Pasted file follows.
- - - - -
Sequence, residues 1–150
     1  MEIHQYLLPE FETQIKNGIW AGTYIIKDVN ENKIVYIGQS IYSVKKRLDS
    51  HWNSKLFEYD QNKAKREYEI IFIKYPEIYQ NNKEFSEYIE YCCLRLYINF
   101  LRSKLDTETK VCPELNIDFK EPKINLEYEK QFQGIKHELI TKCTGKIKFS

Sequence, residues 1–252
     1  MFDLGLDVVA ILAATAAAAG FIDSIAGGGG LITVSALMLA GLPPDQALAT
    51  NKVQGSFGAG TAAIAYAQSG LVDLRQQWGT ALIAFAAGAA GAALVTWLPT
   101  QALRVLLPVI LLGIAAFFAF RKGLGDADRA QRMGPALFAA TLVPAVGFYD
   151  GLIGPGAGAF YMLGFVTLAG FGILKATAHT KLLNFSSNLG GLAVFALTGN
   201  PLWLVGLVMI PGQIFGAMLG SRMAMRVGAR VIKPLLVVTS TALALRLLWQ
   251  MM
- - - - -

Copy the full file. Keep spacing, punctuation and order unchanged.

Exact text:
Sequence, residues 1–150
     1  MEIHQYLLPE FETQIKNGIW AGTYIIKDVN ENKIVYIGQS IYSVKKRLDS
    51  HWNSKLFEYD QNKAKREYEI IFIKYPEIYQ NNKEFSEYIE YCCLRLYINF
   101  LRSKLDTETK VCPELNIDFK EPKINLEYEK QFQGIKHELI TKCTGKIKFS

Sequence, residues 1–252
     1  MFDLGLDVVA ILAATAAAAG FIDSIAGGGG LITVSALMLA GLPPDQALAT
    51  NKVQGSFGAG TAAIAYAQSG LVDLRQQWGT ALIAFAAGAA GAALVTWLPT
   101  QALRVLLPVI LLGIAAFFAF RKGLGDADRA QRMGPALFAA TLVPAVGFYD
   151  GLIGPGAGAF YMLGFVTLAG FGILKATAHT KLLNFSSNLG GLAVFALTGN
   201  PLWLVGLVMI PGQIFGAMLG SRMAMRVGAR VIKPLLVVTS TALALRLLWQ
   251  MM